‘Much ado’ about recent graduate’s play

Rahemma Mayfield

Shakespeare’s play, “Much Ado About Nothing,” inspired recent integrated studio arts graduate Bri Baltes to direct and produce an adaptation of the perfomance.

In the summer of 2011, Baltes took English 395, which examines course disciplines while in London, England.

“I saw two different productions of ‘Much Ado About Nothing’ while I was there, and so I bought the play while I was in London because I loved it so much and read it many times and decided to cut it into a one act [play],” Baltes said.

Baltes has cut the two-and-a-half hour play down to 45 minutes, cutting out side plots and things unnecessary to the main narrative of the piece. By combining the lines of some characters and rolling their attributes all into one, Baltes was able to condense the play.

One major change that cannot go unnoticed about her adaptation is that she has made the part of Leonato, another character’s father, to be played by a woman. Baltes said she is changing the gender of the character in order to combine the character and his wife in the play, Leonata.

Though Baltes has graduated, she minored in performing arts and wanted the chance to direct a play and work with her fellow performing arts students one last time before she left.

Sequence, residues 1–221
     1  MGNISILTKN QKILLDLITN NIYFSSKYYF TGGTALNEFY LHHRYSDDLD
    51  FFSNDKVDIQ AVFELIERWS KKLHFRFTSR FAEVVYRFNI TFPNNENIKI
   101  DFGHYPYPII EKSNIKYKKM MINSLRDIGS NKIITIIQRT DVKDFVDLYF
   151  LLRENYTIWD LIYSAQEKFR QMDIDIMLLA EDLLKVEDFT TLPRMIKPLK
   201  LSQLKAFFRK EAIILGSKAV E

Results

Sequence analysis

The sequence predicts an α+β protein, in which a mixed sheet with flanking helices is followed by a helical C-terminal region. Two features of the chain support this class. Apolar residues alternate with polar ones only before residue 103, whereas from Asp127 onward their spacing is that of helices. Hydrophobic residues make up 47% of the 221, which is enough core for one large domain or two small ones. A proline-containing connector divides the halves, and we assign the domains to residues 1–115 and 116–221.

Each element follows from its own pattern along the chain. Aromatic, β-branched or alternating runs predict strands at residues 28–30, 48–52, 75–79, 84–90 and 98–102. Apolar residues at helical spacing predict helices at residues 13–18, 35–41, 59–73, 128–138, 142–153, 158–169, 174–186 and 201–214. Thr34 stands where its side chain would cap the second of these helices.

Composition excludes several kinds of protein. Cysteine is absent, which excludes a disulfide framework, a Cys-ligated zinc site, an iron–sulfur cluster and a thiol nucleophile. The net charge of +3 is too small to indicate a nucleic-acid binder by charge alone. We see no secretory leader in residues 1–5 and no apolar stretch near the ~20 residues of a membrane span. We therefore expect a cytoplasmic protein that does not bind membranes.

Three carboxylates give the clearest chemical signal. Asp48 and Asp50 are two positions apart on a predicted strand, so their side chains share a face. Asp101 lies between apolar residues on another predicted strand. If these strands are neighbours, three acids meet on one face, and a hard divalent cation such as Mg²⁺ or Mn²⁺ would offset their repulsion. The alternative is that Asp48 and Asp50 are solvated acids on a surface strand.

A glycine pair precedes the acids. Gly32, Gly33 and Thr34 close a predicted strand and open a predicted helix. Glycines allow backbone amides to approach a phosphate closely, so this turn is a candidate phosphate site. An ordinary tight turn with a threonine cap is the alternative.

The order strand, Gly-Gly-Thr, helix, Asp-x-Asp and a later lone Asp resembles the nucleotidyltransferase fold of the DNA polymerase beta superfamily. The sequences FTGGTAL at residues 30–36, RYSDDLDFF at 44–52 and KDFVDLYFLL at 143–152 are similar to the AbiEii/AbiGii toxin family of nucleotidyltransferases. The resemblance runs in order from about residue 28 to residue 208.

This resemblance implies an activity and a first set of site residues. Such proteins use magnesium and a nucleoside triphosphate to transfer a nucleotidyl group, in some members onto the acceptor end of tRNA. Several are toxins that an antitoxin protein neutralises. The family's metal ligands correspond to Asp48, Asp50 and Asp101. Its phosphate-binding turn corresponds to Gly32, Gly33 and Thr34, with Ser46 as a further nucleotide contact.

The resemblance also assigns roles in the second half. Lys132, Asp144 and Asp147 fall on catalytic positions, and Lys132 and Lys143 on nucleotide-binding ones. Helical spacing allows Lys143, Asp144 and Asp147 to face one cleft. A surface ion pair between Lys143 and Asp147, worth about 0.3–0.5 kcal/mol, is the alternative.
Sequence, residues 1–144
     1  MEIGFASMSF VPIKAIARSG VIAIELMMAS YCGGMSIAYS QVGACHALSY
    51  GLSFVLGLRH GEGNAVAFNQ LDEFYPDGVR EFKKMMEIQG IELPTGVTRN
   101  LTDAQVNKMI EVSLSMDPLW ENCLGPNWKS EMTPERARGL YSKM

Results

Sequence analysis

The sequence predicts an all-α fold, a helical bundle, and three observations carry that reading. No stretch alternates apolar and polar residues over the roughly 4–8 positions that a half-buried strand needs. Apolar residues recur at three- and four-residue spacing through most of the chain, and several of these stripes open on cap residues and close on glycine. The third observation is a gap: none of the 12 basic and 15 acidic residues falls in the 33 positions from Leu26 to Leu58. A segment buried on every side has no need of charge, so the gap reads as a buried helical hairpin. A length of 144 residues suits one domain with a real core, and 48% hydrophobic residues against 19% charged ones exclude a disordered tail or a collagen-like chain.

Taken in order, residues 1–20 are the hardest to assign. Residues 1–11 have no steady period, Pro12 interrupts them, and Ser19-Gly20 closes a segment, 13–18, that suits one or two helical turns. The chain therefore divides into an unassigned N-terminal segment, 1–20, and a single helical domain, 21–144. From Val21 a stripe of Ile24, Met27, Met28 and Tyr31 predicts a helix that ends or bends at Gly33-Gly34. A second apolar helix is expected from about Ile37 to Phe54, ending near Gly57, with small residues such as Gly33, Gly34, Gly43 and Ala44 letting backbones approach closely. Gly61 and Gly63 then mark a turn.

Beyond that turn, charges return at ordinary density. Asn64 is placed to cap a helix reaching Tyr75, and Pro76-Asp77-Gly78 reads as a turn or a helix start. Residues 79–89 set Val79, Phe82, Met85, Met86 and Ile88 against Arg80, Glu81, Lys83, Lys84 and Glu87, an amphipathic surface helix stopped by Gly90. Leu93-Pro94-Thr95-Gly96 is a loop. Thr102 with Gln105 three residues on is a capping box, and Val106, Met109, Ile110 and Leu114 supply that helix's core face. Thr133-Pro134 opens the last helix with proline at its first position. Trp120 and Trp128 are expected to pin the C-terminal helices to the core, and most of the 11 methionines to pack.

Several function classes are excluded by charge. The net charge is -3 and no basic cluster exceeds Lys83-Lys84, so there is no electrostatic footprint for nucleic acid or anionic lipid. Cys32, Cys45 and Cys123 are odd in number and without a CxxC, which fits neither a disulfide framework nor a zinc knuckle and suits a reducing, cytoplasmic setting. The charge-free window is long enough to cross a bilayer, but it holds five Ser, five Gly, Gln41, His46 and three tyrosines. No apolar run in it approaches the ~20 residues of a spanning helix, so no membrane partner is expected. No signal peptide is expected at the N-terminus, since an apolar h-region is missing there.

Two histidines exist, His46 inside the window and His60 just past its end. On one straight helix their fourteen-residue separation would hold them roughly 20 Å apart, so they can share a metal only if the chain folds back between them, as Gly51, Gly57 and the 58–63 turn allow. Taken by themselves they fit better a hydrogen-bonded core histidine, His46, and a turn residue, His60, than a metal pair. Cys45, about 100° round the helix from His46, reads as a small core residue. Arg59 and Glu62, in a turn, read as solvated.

Another reason why Baltes decided to direct her adaptation was to “give [the performers] extra time to be extra prepared.”

The performance of Baltes’ adaptation has not only been beneficial to her, but to students in the play. Lisa Robinson, junior in English education, performs the role of Leonata, and explained that acting in a play can bring greater insight into the mind of the playwright and what they are trying to get across.

“When you get to really dig into the line and figure out what this person is trying to say, I think it just gives you a greater understanding of what the playwright is trying to accomplish,” Robinson said.

Gaining experience in the field is helpful to any student, and Drew McCubbin, senior in performing arts, said being able to put Shakespeare on your resume looks very good.

Baltes’ production is aimed to be simple, and is held on the top floor of the Design Building, where the set makes use of the architectural structures found in the corner of the building. The backdrop is interactive, and is made of a bulletin board comprised of sticky notes. Though this is Baltes’ first time directing, she said she wanted to have the experience before she left.

“I’ve never directed before and I kind of wanted to just plunge into a project,” Baltes said. “It’s kind of my baby.”

“Much Ado About Nothing”

Where: North side, fourth floor of the Design Building

When: 7 p.m., Thursday and Friday

Cost: Free

Seating for 35. Seating opens at 6:30 p.m.